Where To Buy Craftsman Auto-Hammer

If you’re interested in buying the Craftsman Hammerhead Auto-Hammer then I suggest you check out the following link where it’s available at Sears:

About the author

Todd Fratzel

I'm full time builder for a large construction company in New Hampshire. I run their design-build division that specializes in custom homes, commercial design-build projects and sub-divisions. I'm also a licensed civil and structural engineer with extensive experience in civil and structural design and home construction. My hope is that I can share my experience in the home construction, home improvement and home renovation profession with other builders and home owners. I'm also the Editor-in-Chief and Founder of Tool Box Buzz. Please feel free to contact me if you have any questions, suggestions or you'd like to inquire about advertising on this site.

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9 Comments

  1. Guenther says:

    Sir-

    I don’t know where you performed your test, but I didn’t have the same experience. The product struggled with anything but the smallest of nails. And if the pine was somewhat dense, it struggled overall.

    Plus the noise was deafening. At the end of the day, using a real hammer was easier, quieter and a lot less expensive.

    • Todd says:

      @ Guenther – We actually pointed out the limitations of the Auto-Hammer. It’s certainly not intended to do large fasteners, however, it is very useful for smaller nails in very tight spots that a regular hammer will not fit into. Thanks for sharing your thoughts.

    • John says:

      Hit the weights.

  2. Doug says:

    Had picked up an air power hammer for some small fencing jobs, but the idea of no power or air lines in the way would benifit the DIY chores like re-attaching trim & base boards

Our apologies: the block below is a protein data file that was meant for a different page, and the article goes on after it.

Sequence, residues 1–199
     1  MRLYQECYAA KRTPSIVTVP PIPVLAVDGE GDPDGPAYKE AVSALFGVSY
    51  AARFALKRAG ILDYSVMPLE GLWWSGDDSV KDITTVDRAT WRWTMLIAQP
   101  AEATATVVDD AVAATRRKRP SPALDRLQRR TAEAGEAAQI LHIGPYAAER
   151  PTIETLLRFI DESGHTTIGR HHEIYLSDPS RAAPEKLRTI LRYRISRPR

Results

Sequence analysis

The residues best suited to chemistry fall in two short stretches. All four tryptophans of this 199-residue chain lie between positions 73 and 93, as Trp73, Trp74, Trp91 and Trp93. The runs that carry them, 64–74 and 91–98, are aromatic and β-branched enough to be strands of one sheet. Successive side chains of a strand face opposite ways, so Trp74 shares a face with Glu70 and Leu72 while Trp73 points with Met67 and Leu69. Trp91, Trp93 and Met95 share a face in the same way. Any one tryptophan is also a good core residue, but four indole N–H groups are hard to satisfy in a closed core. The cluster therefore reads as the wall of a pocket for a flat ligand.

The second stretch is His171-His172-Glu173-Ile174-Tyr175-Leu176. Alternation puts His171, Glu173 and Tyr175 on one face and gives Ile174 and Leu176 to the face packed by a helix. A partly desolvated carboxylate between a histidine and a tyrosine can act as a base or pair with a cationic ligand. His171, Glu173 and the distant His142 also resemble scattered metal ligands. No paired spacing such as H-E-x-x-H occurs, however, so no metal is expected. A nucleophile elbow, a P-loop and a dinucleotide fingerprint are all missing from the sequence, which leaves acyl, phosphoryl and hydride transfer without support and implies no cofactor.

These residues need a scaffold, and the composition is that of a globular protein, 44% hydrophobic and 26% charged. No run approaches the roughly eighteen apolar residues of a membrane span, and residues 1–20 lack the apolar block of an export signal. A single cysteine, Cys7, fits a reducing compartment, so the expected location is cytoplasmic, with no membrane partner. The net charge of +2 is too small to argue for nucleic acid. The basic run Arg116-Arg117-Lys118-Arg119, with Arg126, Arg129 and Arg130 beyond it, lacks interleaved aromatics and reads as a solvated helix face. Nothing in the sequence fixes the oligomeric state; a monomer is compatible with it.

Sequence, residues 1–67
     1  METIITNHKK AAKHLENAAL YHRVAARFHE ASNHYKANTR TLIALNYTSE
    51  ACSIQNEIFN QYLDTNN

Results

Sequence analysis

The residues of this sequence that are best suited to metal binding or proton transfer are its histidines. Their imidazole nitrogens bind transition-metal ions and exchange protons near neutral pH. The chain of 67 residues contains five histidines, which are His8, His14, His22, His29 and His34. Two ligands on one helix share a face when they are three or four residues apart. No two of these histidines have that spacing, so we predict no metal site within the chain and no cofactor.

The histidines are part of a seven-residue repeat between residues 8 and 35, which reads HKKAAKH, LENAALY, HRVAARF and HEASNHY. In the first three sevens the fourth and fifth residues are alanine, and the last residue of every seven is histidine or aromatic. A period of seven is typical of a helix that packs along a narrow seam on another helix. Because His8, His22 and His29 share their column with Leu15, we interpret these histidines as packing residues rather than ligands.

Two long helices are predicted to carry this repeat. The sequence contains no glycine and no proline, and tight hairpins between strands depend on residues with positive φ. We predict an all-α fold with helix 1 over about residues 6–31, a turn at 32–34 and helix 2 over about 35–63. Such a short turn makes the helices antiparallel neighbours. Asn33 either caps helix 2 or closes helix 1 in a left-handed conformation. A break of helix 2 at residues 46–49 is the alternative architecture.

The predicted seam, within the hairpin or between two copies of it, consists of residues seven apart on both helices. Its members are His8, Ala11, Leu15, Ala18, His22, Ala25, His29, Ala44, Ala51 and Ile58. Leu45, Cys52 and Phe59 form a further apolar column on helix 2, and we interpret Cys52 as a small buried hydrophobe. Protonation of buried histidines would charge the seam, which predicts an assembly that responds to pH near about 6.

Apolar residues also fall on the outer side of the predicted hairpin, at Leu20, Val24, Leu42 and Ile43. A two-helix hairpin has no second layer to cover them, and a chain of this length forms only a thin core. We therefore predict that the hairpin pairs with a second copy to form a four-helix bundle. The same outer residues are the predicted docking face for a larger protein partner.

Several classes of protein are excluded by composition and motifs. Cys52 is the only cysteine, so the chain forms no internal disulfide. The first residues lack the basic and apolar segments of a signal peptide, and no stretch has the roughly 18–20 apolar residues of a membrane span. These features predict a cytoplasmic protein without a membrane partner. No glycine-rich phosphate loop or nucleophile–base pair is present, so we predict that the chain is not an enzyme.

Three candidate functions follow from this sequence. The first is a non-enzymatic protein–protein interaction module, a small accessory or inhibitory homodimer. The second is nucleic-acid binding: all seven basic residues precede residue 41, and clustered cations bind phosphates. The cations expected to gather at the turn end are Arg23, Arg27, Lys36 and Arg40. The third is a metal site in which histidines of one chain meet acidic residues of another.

3. sal williams says:

    We have a large family and we have a big family wedding coming up at our home for which we are building a great big arbor(8x10x12) trimmed with white and silver tree branches covered with silk roses and twinkle lights. It is a really tricky project this hammer would be perfect for.

  4. sal williams says:

    I am a very happy subscriber! Every time I read your newsletter, I learn something else I did not know which is fabulous. Thank you so much.

  5. Darell says:

    as a subscriber and wood worker this tool would come in very handy.

  6. Vanessa says:

    I only work in the house on small projects. Usually crafts. I think that this would be perfect for me. My husband handles the larger projects outside. Email subscriber.

  7. jack gergely says:

    I used the hammer to free up studs from broken bolts frozen in from sea water service. Soaked the broken studs overnight with pb blaster. In the am hit the studs with the vibrating hammer and used vice grips to remove. Was still hard to turn, but previously they broke with any twist ( using the useless Craftsman stud removess).